Design thinking in action
As a means towards innovation and customer-centricity, “design thinking” is lauded as a technique to infuse creativity throughout an organization. We know it’s being taught to future business leaders at places like Stanford’s d.school, but how’s it being applied in the real world? Global enterprise services leader Citrix provides an interesting example.
With $2+ billion in revenue last year and 100+ million users globally, Citrix is a giant among digital service providers. In 2009, the CEO tasked Catherine Courage with bringing a design approach to the traditionally engineering-led organization. In his belief, “…in addition to traditional means of growth, his company’s success in exceeding the $2 billion mark would depend heavily on its ability to focus on improving the end-to-end user experience of its products, services, and partnerships.”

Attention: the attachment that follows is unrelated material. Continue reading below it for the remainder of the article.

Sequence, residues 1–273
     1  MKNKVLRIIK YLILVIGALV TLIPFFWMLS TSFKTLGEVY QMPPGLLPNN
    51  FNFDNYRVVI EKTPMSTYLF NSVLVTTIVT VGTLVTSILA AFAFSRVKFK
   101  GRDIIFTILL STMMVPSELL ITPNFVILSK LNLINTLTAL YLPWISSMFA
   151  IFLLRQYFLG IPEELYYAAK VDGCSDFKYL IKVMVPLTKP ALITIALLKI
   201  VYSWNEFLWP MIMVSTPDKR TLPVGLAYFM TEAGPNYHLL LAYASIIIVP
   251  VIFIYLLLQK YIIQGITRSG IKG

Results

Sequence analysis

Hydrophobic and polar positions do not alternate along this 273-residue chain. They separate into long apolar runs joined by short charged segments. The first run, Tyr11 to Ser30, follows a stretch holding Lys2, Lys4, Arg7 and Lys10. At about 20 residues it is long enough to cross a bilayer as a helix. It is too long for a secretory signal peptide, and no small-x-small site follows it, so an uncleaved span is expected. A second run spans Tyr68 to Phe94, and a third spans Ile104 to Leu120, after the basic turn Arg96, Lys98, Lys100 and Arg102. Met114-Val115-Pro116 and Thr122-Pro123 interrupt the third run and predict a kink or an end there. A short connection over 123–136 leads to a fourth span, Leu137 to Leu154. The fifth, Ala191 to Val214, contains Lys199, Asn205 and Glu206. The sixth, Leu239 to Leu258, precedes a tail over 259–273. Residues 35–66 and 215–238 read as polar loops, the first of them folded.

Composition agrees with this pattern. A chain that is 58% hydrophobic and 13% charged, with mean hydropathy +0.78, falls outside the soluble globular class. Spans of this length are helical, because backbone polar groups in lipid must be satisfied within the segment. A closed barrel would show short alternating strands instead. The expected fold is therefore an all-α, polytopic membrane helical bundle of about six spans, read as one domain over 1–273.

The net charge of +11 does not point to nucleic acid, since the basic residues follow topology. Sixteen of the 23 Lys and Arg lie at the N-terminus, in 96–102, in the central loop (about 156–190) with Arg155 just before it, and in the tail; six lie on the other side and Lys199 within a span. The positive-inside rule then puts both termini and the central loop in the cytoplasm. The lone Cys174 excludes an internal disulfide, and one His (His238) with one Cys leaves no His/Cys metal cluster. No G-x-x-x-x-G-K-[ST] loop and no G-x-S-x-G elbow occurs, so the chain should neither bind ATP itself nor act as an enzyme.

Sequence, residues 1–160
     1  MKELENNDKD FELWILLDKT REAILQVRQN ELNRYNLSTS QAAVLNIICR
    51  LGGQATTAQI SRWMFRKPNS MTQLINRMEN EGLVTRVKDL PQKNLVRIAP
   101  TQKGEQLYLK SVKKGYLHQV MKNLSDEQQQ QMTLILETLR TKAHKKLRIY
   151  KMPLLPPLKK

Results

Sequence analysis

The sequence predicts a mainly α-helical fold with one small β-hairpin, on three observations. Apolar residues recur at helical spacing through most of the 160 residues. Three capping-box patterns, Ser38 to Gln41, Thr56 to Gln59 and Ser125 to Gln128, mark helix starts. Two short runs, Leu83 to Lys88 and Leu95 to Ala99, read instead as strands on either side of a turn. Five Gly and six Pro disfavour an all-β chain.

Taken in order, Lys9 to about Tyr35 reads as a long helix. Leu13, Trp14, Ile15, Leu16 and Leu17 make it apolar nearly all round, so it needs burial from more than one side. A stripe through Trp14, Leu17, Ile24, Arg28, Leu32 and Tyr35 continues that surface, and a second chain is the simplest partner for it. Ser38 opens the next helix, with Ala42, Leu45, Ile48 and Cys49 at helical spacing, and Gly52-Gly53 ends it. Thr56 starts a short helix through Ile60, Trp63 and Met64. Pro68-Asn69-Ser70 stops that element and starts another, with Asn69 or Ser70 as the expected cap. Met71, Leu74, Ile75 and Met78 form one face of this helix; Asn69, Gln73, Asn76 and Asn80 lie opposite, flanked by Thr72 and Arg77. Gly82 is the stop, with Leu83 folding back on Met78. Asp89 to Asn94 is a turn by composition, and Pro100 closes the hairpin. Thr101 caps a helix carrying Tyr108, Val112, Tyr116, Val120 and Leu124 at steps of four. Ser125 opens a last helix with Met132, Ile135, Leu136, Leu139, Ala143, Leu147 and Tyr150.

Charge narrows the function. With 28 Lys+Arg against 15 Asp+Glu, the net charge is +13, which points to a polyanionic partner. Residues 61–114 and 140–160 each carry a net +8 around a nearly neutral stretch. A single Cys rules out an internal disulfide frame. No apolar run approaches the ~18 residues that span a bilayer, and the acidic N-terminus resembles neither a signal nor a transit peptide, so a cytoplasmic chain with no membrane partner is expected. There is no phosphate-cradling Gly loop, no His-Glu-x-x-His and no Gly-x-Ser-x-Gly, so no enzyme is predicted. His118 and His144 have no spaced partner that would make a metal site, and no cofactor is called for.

Following a stint at Stanford University’s d.school, Courage felt confident to take on the mammoth task. What followed was a multi-year effort, which has successfully disseminated design thinking far and wide within the organization.
In a post outlining this transformation, she goes through the step-by-step process, offering a practical approach to those wishing to do the same in other organizations. From engaging executives and widely teaching basic design principles, to setting up dedicated design studios and educating design “Catalysts” throughout the company, it is clear that a significant effort has taken place – and continues through today. And through showing black-and-white numbers and other measures of success (4,000+ employees have undergone design training, product awards and media and academic interest), it’s clear that this effort was well-spent.
Source: “Reweaving Corporate DNA: Building a Culture of Design Thinking at Citrix” (Catherine Courage)
See also: Catherine’s TEDx presentation
Culture (10), Customer experience (67), Design thinking (15), UX management (11)
business, enterprise, leadership, organization